Just a few weeks ago, I sat in school. I went to my classes. I ate lunch. I talked to friends and teachers.
Now, things have changed. As the COVID-19 epidemic has become the foremost international issue, schools have closed and immediate arrangements had to be made. With this shutdown came a question for administrators: how can we ensure students are still learning while they remain at home?
The answer for most schools came in an online application called Zoom, which allows for teleconferencing, in addition to several other tools useful for education (like screen sharing, annotating, etc.)
This change has been a sudden one. Me and many of my classmates are not yet used to the new reality that has been thrown so hastily upon us. Our schedules have changed, and the social aspect of high school is now lacking. To make up for this, me and some friends ate lunch over Zoom a few days ago. Just catching up made things a bit better. In terms of education, Zoom is certainly a double-edged sword: it’s extremely easy to become distracted, yet teachers are still able to educate in ways they had not known before.
The many hours me and my classmates now spend in our houses presents its own challenges. There are only so many board games and Netflix shows to watch, but I think students are good at adapting to challenges. In the next few days and weeks, I am sure everyone will find something they are interested in or have been pushing off a while and will finally reach some type of goal.
As the world remains in a state never known previously, I think it’s important that we maintain our relationships; friends, family, teachers, everyone! We should reach out whether over WhatsApp, Zoom, FaceTime, or so many other mediums. Now is the time to make sure everyone is doing OK. Furthermore, we are in desperate need of unity. Now is a time where everyone seems to be fighting for themselves only, and its important to know that I know the world seems like a bad place right now.
I know that things are changing, and many of us are having trouble with these changes. But now is a time where we all must band together and try to do whatever we can to make the world better- even if that means just calling a friend.
So to help you get through this coronaction and have the quaran-time of your life, here are some suggestions:
Keep things organized
Your brain is probably overloaded from what’s going on right now (at least mine is). I’m always getting news notifications, and they tend to stress me out. So while your mind might be feeling disorganized from the clutter that is today’s world, take some time to keep organized what you can. I write down all my assignments for the week/month in a planner, and it’s really helpful knowing my due dates for all my work. It’s difficult to forget something if you’ve written it down, so this is a good way to make sure you’re staying on top of your work. Plus it feels amazing crossing out an assignment when you’re done with it.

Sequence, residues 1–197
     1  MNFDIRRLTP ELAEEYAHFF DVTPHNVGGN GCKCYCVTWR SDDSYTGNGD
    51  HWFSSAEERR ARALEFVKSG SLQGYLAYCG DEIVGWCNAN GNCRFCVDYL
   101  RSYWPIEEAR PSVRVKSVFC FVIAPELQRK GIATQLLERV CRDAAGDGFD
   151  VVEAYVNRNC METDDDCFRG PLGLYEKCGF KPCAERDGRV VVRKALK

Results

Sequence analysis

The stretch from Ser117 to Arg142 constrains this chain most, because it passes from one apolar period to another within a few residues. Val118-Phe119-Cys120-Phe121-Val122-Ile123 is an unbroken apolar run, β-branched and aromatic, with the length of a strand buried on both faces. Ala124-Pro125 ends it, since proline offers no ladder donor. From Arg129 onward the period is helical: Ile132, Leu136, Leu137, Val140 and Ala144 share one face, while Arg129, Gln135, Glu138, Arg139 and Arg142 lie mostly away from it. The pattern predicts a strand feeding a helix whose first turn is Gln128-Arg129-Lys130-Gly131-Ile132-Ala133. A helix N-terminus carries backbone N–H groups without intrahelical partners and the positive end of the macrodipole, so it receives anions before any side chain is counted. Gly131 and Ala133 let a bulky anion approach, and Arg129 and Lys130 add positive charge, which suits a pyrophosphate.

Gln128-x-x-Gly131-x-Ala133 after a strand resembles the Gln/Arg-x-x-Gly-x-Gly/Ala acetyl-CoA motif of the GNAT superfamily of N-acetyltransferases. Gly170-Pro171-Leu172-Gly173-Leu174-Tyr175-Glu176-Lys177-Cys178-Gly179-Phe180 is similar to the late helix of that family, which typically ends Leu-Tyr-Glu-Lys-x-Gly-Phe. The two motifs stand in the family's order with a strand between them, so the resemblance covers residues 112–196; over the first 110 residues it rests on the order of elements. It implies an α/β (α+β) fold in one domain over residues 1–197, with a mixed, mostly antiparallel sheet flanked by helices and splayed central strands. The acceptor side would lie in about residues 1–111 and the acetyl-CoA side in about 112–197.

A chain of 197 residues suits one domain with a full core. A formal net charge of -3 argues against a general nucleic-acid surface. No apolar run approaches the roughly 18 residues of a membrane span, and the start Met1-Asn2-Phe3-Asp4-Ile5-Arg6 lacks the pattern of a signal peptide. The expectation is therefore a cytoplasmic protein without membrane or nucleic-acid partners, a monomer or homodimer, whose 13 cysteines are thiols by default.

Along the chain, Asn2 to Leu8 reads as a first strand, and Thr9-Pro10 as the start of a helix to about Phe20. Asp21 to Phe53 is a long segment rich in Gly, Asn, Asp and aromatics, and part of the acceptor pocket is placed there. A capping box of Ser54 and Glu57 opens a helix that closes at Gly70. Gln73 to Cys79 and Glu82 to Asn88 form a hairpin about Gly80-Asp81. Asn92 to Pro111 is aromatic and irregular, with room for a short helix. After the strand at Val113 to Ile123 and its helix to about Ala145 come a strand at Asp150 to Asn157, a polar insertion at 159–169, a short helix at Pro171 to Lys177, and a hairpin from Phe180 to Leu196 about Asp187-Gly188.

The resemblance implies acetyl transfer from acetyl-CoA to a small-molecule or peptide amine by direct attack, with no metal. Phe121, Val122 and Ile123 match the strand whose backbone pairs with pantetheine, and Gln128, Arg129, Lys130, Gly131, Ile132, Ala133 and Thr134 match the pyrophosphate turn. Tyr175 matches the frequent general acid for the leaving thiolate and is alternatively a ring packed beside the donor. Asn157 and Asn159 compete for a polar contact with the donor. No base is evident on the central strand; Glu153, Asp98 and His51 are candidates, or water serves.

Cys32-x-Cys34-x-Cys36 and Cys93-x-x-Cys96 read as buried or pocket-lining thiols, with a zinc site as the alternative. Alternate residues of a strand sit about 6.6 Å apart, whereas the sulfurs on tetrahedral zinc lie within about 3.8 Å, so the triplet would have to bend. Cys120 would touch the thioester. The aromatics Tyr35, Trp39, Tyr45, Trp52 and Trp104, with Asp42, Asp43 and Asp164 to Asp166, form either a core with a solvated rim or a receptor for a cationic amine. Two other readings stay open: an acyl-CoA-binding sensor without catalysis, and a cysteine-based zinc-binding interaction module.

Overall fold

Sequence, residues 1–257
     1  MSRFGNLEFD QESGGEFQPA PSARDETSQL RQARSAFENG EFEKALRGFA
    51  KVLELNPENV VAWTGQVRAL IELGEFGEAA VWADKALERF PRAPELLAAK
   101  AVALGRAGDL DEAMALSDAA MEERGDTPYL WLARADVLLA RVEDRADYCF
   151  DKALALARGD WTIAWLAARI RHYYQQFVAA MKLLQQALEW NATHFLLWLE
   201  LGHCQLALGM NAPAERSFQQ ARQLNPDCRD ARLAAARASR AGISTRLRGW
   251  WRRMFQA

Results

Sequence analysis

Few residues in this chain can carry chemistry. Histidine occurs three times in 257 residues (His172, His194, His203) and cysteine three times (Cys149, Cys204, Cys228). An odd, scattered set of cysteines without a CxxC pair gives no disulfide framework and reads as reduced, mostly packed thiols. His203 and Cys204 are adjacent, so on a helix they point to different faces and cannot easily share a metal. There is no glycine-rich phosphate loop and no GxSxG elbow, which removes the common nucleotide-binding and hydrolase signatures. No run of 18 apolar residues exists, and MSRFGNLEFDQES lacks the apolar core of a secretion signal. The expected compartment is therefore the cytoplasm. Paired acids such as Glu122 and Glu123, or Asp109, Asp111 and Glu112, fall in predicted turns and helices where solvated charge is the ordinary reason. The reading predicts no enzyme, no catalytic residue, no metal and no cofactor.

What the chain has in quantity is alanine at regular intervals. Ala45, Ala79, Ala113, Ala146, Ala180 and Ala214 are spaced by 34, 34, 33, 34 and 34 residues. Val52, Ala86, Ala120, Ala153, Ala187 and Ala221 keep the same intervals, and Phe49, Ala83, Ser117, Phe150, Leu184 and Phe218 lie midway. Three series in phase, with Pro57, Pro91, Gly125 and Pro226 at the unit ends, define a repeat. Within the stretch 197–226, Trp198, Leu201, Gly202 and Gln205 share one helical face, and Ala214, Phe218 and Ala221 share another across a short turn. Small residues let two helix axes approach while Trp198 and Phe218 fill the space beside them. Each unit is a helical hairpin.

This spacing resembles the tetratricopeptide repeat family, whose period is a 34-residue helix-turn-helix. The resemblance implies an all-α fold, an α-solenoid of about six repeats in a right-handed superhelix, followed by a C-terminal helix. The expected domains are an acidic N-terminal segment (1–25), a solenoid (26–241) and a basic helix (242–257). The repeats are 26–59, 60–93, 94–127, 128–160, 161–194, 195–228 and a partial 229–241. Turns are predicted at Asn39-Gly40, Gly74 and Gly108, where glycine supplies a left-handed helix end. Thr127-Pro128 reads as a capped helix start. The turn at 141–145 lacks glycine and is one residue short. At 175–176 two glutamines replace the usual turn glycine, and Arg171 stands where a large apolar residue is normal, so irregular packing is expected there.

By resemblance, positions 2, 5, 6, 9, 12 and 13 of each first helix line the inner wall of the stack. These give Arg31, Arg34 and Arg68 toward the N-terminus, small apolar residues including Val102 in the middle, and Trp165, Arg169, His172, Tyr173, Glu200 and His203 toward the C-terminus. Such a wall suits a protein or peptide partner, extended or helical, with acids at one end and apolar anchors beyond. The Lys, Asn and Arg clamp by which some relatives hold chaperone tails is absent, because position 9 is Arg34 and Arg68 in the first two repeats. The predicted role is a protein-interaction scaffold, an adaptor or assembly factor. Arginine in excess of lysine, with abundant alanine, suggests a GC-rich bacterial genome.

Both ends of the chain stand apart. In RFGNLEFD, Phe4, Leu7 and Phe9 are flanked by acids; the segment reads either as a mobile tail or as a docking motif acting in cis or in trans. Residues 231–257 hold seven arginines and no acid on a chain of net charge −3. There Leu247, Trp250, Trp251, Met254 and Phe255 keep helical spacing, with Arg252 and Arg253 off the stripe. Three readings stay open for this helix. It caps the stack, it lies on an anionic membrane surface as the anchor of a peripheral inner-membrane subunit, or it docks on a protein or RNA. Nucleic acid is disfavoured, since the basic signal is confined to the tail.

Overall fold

Keep things clean
I know this sounds similar to the first suggestion, but I’m talking about your physical space. Just making your bed every morning and putting some clothes away has helped me maintain some sanity. And it’s nice seeing my floor every so often.
Reach out to a friend
We live in a time of so many ways to interact with each other. Call your friend and see how they’re doing. Email a favorite teacher and say you miss their class. Have lunch with your friends on FaceTime or Zoom. There are so many ways you can communicate, so while we cannot see each other physically, we can make up for it digitally.
Go for a walk
I get it. It’s really tempting to stay in your room all day. But it’s important to get some sun and air and clear your mind a bit.
Find a new hobby
Do a puzzle, read a book, learn to code, the list could go on and on. If you have some extra free time, try to do something you enjoy. It’s very therapeutic to just focus on one thing you like doing and temporarily block out what’s going on.
Lastly, I know this is a very difficult time for anyone with a mental health disorder. As someone with anxiety, this pandemic is definitely not the best for anyone’s mental health, and can be pretty terrifying. Reach out to a friend, parent, counselor, or anyone you know and trust and hopefully soon, this will all be over and we can resume our lives.
Stay safe, happy, and healthy!
Author: Max Miller, Senior at Ida Crown Jewish Academy in Skokie, IL
The team at Erika’s Lighthouse knows how challenging and difficult this transition is on our teens, educators, parents and others. We are here to help and support our young people. We have launched an exciting new campaign that will provide meaningful, practical resources for teens, educators and parents.